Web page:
sdvelochick
08-29-2013, 11:49 AM
You are an awesome parent! It can be so hard not getting caught up in what others are doing. Homeschool isn't about parent's pride, but Kid's learning :)


One of my friends is a hyper overachiever, and I have had to stop talking about any of this with her. She has ivy league plans for her kids, with all of them graduating years early. If that ends up being part of dd's universe, yay for her, but it's going to be because *she* wants it, not me.

I love buying curriculum. I'm forever scouring the Internet for the best products.
I love this board for all the awesome recommendations, but my checking account disagrees ;)

maiziezoe
08-29-2013, 12:02 PM
I feel I am still fairly new to homeschooling (started last December) and sometimes I feel like I just don't have enough for him to do. However, when I told my best friend, who is a grade 3 teacher, what we do daily she said she thought we were doing the perfect amount and more than she teaches at her school.

Jeni
08-29-2013, 12:15 PM
It seems very few do more then we do, so I am usually always in the "Holy crap, this is too much" camp. Until we start slacking off and then the guilt kicks in. I know we do more then the public schools.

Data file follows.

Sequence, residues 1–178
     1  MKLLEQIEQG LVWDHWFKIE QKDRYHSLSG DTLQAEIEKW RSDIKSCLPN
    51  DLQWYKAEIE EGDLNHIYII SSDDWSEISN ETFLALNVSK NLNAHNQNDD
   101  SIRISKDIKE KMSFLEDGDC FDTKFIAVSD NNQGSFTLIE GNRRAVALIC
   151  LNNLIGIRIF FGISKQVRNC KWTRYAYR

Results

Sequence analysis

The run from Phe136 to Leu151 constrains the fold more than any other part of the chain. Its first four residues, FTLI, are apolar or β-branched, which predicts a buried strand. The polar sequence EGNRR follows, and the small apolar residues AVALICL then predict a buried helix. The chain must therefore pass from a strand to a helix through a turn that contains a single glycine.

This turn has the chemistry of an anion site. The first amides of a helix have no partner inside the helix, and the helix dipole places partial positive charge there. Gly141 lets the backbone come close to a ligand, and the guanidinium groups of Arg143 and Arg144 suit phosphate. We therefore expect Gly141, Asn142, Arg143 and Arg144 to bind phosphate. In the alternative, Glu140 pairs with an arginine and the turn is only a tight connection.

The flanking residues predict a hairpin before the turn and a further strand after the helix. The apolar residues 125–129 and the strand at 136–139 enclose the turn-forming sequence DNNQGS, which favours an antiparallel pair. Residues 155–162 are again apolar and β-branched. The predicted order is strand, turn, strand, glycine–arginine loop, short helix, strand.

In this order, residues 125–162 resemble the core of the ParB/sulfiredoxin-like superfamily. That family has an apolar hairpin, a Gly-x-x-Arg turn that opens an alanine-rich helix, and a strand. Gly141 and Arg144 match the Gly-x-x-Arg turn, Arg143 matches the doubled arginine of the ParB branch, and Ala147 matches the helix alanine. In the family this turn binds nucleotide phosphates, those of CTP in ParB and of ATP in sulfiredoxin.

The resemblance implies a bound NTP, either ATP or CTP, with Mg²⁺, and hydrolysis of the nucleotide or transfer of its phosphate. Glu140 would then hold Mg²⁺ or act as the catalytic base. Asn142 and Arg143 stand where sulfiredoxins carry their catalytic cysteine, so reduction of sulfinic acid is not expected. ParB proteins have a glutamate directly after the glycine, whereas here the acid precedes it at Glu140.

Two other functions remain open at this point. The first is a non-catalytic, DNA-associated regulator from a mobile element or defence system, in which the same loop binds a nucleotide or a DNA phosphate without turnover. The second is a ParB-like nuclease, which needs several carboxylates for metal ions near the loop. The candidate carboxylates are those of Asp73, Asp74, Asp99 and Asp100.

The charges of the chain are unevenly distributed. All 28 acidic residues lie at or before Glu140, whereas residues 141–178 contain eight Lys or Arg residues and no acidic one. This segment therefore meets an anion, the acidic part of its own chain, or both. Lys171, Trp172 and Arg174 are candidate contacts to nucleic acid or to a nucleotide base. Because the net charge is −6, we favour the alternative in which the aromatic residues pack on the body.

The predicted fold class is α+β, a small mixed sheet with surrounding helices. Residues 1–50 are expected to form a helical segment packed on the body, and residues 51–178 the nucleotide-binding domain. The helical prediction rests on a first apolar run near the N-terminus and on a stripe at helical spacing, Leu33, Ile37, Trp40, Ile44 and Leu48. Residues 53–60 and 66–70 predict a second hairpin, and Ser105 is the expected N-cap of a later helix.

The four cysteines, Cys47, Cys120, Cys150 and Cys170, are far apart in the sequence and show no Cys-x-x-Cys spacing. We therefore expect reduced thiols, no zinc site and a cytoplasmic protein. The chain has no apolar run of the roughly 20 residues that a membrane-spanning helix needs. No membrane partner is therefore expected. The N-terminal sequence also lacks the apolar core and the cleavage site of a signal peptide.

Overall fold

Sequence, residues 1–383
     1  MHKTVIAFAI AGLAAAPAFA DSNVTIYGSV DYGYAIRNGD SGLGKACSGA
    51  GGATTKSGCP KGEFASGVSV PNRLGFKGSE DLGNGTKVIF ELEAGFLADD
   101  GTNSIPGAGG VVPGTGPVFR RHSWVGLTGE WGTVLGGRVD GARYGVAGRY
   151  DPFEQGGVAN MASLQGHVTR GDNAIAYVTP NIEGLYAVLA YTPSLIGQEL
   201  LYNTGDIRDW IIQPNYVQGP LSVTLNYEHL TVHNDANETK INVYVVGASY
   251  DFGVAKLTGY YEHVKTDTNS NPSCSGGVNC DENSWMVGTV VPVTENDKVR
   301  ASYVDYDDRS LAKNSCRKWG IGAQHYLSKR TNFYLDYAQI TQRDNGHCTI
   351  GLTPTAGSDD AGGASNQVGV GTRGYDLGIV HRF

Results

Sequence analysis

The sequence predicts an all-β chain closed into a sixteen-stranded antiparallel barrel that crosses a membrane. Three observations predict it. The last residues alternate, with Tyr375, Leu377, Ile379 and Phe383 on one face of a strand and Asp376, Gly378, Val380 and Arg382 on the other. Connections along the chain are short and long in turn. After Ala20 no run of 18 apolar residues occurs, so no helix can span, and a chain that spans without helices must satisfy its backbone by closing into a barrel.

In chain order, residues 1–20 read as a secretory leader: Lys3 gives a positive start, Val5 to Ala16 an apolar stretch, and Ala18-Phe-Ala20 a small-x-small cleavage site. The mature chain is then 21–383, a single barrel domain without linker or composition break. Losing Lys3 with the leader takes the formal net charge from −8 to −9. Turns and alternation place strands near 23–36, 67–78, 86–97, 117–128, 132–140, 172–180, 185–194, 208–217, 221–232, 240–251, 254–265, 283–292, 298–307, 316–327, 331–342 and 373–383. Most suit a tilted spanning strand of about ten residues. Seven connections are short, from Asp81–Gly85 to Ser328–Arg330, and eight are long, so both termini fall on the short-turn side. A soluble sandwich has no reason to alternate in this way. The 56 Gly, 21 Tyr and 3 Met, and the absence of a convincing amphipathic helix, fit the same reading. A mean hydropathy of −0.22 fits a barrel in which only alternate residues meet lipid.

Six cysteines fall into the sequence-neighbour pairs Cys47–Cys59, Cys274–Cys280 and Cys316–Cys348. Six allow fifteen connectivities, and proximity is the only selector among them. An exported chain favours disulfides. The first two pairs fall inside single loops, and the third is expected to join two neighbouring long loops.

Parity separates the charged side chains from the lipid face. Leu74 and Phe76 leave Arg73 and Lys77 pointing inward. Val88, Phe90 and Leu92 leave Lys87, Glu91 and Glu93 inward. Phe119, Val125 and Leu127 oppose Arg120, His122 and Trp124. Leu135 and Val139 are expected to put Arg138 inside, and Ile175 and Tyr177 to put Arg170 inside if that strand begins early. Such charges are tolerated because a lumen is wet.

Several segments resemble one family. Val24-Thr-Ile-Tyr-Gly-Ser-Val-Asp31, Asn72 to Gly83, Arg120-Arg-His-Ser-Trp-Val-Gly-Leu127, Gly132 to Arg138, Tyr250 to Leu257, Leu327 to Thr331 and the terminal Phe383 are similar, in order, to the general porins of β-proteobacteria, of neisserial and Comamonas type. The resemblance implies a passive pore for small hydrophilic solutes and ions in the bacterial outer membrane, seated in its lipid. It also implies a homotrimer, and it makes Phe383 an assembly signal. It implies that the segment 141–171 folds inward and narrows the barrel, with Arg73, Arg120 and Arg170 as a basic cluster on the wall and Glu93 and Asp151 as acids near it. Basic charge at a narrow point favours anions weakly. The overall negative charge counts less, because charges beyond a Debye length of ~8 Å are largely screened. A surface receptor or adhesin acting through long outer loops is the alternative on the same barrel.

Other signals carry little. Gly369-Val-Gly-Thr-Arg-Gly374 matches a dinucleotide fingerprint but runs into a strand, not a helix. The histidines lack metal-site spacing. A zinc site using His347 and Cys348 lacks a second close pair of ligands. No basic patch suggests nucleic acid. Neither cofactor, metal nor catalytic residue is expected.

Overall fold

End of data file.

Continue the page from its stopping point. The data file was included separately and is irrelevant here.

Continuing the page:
sbweldon
08-29-2013, 12:26 PM
I love researching curriculum but it does give me a complex sometimes that we're not doing enough. I'm the definition of a type A personality though so just keep telling myself to calm down and continue what is working for us.

Avalon
08-29-2013, 01:44 PM
I find it hard to fit in everything I want the kids to do in a day. We frequently do only half of what I planned. I have one kid who just plain old works slowly, but what she does is usually beautiful work, and she really thinks about what she's doing, so I can't complain about that. Also, I try to leave as much free time as possible for them to work on their own projects (without judging the quality or importance), so we normally do curriculum-related work from about 9:30 to 12, and then we stop, no matter how much or how little they got finished.

I think part of the problem is that I require a lot of household helping from the kids, too, which takes up a lot of time. Teaching them how to fold laundry, make lunch, pack for our outings, organize their own playdates, manage their allowances, etc.... It feels like I'm coaching them all day long. I wonder if some other families do more school work, but don't require as much personal responsibility from their kids.

dbmamaz
08-29-2013, 01:47 PM